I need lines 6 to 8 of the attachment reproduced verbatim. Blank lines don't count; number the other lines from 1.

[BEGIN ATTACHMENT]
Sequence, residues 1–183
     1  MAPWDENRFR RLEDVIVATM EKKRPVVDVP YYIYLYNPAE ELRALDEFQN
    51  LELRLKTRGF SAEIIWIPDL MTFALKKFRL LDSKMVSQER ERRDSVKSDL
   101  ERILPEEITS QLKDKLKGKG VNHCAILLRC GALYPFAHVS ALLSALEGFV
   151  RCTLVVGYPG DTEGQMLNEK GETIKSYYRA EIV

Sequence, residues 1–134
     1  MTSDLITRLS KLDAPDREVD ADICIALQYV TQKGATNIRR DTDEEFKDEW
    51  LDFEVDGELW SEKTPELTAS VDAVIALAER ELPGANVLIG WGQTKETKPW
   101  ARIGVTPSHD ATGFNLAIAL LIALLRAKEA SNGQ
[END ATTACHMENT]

Sequence, residues 1–134
     1  MTSDLITRLS KLDAPDREVD ADICIALQYV TQKGATNIRR DTDEEFKDEW
    51  LDFEVDGELW SEKTPELTAS VDAVIALAER ELPGANVLIG WGQTKETKPW